Galaxy Rasbora (Danio margaritatus), also known as Celestial Pearl Danio, is a peaceful fish with many potential tank mates to keep them with.
It has only been 20 years since Galaxy Rasboras were discovered, but they have quickly become a favorite fish with aquarists, almost driving them to extinction in the wild at one point. Their markings appear to resemble a galaxy, featuring a dark blue body with white or yellow spots.
Learn more about how to Galaxy Rasbora Care.
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Compatible Tank Mates for Galaxy Rasboras
As they are such peaceful fish, galaxy rasboras are quite easy to select tankmates for. Other fish with a similar easy-going attitude, that require the same water parameters can all make ideal tankmates for your rasboras.
Here’s a list of some of the best tank mates for Galaxy Rasboras (Celestial Pearl Danios):
- Neon Tetras
- Cardinal Tetra
- Bloodfin Tetra
- Silvertip tetras
- Lemon tetras
- Black neon tetras
- Cherry shrimp
- Amano Shrimp
- Blue shrimp
- Bamboo shrimp
- Cherry barbs
- Hexagon barbs
- Zebra Danio
- African Dwarf Frogs
- Endler’s Livebearer
- Pygmy Hatchetfish
- Molly Fish
- Honey Gourami
- Sparkling Gourami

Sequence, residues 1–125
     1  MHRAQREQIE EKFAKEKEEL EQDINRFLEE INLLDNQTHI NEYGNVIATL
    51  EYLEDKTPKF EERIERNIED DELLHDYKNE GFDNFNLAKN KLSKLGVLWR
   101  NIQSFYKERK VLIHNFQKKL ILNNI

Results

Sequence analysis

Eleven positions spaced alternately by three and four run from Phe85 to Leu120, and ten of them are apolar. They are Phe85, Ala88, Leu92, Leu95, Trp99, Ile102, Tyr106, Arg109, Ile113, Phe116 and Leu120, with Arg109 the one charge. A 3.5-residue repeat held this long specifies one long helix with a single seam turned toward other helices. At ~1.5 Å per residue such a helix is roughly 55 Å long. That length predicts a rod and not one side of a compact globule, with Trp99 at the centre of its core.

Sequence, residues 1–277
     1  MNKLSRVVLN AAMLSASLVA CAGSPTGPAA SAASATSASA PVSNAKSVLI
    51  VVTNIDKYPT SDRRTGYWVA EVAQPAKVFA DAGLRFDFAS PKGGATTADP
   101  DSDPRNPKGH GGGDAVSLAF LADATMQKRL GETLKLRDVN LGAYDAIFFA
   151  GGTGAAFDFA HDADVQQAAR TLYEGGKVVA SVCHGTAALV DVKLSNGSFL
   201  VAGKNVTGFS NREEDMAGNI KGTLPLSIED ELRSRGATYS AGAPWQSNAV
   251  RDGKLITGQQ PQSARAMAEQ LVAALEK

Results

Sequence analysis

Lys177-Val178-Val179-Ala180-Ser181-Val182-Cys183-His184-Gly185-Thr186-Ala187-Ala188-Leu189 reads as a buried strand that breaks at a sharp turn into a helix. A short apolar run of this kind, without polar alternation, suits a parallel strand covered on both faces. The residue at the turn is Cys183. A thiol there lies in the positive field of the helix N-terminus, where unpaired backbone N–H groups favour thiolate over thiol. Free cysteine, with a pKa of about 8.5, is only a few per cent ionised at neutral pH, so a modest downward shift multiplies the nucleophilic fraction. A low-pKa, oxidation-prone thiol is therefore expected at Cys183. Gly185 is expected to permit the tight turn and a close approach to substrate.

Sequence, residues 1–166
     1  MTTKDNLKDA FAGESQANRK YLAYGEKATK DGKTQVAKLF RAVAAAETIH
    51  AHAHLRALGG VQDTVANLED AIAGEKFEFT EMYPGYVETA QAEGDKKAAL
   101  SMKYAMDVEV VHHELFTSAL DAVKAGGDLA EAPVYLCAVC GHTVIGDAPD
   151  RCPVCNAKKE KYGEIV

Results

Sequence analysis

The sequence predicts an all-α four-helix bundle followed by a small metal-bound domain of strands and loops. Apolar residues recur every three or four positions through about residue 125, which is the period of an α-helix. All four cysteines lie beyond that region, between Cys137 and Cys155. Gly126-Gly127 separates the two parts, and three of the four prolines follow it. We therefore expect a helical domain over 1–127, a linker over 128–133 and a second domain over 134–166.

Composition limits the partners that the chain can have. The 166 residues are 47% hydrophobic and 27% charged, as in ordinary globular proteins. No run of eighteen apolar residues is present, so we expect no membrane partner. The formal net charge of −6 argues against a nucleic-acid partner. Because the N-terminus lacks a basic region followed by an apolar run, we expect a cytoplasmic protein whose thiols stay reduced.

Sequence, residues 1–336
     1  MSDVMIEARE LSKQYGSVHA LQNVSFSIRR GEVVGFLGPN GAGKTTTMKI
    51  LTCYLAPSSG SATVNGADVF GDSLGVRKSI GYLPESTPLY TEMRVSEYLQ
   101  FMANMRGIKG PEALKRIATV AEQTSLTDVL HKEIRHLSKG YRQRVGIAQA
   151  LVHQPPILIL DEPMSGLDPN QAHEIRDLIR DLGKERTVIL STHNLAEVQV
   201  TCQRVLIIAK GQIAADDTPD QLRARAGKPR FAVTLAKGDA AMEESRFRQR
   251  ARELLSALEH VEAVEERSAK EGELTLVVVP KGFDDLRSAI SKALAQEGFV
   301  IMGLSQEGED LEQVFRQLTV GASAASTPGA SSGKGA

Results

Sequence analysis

- Chocolate Gourami
- Corydoras Catfish
- Aquarium Snails
Galaxy rasboras are fairly easy to find suitable tank mates for. They are a very easy-going, peaceful species, so most other peaceful species will get along just great with your rasboras, as long as they are in ideal living conditions.
Bettas and Galaxy Rasboras live together in the wild, which makes them a great choice for tank mates when setting up a community tank. Since they live together in the wild, both species have the same water parameter requirements.
For the most part, bettas are a relatively peaceful species as well, as long as they have enough space in their tanks. Male bettas can become aggressive with little warning, so monitor your tank carefully when they are introduced to each other.